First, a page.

Five Qualities of Good Design
Five Qualities of Good Design
No matter what design-related field you are in, there are qualities or basic principles that you can use that helps create good design. If you work in 2D art as a fine artist or commercial artist working in a field such as graphic design, there are rudimentary principles that attribute to a good design. In 2D you work with composition, color, light, shadow, foreground, midground, background, mass, and void, typically to imply 3D.
These same techniques are similar to those found in 3D design. In 3D you literally work in the XYZ axes three dimensions, but the basic principles apply. In 3D design, I am referring to fields such as architecture, interior design, product design, and automotive design. This also includes digital 3D representing the aforementioned fields as well as characters and environments such as those used in video games and movies. There is a fundamental tie that binds the different fields of design together, whether it is a well-crafted image or a masterfully designed utensil, it is still a good design. So even though this particular list is more tailored towards 3D and favors architecture and product design, it is applicable to all design-related fields, it just may be applied differently.
In my opinion, good design is an exercise in restraint and the pursuit of elegance and/or visual power. A simple but well-crafted design or image can be very powerful and provocative and yet be elegant. A very powerful and masculine design can be elegant as well, they are not mutually exclusive. An Aston Martin DB9 is an elegant solution that is very powerful in visual presence.
There is a natural tendency to add more features, draw more lines, sculpt more surfaces, model more detail, etc. with the belief that by adding “more” the design/concept is automatically improved. A good designer is trained to refrain from the compulsion to add. The objective of good design is to reduce; reduce the number of parts, reduce complexity, reduce waste, and reduce cost. Design is the ability to make clear a product or service's purpose or message. If you can remove an element from a design and it is not missed and the design is just as strong without it, then it shouldn’t be there. As the famous modernist architect, Ludwig Mies Van Der Rohe is famous for saying: “Less is More”. This ties into some of the qualities this article addresses.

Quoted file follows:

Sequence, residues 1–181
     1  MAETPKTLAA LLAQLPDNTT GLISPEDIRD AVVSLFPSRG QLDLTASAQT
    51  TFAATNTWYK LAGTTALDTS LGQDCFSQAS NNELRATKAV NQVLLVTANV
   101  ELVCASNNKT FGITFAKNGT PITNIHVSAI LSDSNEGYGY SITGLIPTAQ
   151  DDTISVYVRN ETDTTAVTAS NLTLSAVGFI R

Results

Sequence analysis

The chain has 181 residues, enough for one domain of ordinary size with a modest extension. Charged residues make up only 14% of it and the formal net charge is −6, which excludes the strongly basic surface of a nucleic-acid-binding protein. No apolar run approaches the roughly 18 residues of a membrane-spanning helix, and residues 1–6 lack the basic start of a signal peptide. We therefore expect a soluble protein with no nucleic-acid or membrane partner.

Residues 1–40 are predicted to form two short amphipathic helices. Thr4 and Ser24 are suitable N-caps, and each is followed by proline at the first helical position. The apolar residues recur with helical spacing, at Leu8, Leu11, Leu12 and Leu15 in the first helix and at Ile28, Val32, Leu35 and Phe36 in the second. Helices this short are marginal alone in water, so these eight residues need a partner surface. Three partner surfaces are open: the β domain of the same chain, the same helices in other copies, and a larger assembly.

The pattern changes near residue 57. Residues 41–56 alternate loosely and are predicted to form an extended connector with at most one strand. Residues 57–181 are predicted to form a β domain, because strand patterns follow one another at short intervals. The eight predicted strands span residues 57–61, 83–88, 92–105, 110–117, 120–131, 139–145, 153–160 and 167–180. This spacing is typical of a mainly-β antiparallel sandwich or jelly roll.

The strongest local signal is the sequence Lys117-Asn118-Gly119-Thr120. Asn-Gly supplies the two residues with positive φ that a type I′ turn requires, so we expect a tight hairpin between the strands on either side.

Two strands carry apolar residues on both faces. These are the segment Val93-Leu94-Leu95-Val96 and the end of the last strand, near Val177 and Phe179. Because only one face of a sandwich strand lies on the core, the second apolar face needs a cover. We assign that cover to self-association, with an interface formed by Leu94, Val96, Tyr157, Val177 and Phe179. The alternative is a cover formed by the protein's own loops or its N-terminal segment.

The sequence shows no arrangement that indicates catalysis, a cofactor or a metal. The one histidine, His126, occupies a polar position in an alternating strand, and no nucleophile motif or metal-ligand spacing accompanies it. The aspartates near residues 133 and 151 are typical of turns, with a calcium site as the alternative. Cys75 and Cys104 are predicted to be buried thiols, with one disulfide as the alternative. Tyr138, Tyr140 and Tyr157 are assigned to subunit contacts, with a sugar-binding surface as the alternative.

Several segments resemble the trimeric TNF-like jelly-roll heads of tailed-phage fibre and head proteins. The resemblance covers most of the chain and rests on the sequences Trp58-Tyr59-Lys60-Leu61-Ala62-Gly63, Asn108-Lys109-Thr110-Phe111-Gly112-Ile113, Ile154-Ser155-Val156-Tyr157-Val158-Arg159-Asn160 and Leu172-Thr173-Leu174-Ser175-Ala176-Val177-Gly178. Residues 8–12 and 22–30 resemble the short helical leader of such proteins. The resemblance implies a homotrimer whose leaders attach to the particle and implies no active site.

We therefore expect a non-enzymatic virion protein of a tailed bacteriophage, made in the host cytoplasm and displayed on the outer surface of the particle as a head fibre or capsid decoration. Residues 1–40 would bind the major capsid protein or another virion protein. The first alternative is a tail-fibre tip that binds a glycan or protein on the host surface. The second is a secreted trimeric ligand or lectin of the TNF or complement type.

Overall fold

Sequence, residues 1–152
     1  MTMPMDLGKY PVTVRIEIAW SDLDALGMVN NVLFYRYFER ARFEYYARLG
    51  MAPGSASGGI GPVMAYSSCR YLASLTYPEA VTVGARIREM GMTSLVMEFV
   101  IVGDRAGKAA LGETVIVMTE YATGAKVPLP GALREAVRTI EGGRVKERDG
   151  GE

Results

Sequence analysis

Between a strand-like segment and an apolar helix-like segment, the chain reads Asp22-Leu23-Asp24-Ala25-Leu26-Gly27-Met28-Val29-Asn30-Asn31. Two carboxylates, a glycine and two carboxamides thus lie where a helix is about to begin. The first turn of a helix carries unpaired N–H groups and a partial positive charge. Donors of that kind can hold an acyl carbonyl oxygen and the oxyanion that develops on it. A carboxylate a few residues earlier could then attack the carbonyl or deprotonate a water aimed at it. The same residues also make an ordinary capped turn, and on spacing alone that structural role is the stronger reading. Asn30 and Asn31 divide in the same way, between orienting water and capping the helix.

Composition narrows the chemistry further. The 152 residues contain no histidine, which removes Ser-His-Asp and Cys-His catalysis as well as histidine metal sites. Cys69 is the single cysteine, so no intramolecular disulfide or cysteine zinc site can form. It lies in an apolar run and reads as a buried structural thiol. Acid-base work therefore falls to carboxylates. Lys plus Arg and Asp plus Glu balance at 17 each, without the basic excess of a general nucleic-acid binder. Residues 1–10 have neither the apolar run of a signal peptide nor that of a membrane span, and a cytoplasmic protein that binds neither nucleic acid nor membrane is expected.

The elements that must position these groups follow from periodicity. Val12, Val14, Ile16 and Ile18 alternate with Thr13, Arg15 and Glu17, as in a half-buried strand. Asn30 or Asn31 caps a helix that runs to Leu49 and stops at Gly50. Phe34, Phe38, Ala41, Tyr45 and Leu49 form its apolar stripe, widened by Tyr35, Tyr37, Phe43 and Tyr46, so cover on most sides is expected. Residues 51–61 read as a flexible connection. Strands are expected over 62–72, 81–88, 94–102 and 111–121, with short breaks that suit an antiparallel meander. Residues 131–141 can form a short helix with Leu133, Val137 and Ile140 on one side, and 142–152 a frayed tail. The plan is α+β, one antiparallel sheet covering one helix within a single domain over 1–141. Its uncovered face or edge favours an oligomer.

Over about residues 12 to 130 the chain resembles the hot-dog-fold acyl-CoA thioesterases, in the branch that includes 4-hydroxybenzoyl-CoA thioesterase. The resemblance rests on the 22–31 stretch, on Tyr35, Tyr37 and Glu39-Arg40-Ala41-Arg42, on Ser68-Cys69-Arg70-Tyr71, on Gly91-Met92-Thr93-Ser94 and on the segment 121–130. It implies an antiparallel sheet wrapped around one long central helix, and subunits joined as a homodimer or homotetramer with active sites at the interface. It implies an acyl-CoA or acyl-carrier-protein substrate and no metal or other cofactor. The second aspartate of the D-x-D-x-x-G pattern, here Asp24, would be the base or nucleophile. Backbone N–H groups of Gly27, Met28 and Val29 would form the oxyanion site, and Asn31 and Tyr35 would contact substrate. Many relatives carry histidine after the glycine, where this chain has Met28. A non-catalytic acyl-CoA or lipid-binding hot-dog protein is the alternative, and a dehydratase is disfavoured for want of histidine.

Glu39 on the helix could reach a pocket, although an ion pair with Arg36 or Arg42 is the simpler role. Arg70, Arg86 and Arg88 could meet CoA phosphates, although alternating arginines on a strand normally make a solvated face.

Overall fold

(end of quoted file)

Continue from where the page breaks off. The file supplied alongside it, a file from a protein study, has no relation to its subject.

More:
In good design, less is more. Simplicity rules over superfluous detail, giving a concept its true identity and allowing it to speak clearly as to its role and function free from unnecessary and distracting adornment. This quality should be used in moderation and a design should not be oversimplified or fascist without another underlying reason or concept. But to put this in perspective the 1997 C5 Corvette had approximately 50% of the parts the previous 1996 C4 Corvette and outperformed it on all levels. A good design or concept can be very complicated and detailed, but that intricacy should be dictated by the subject matter and not superficially added to make it seem like it is more than it really is. Logos and diagrams can convey a lot of information and aesthetics while being simple and understandable, there is power in breaking things down to their simplest forms, you remove bias and preferences and provide an easily understood concept or form.
Just as technology in every aspect of our lives continuously advances, evolves, and improves, the good design enables the benefits of new technology to be maximized for the user. Innovation is not limited to “new’, it can be a creative use of an existing element, concept, or technique in a new way. To risk being cliché, it is “Thinking Outside of the Box”! Everyone borrows from what they have experienced and seen, the trick is to concoct something interesting and fresh in the way you portray it. As Albert Einstein said, “If I have seen farther than others, it is because I have stood on the shoulders of Giants!” Recognize the “Giants” in your industry or profession and observe what they do and try to take away something useful from your observations and try and use it to create something innovative, or in an innovative way.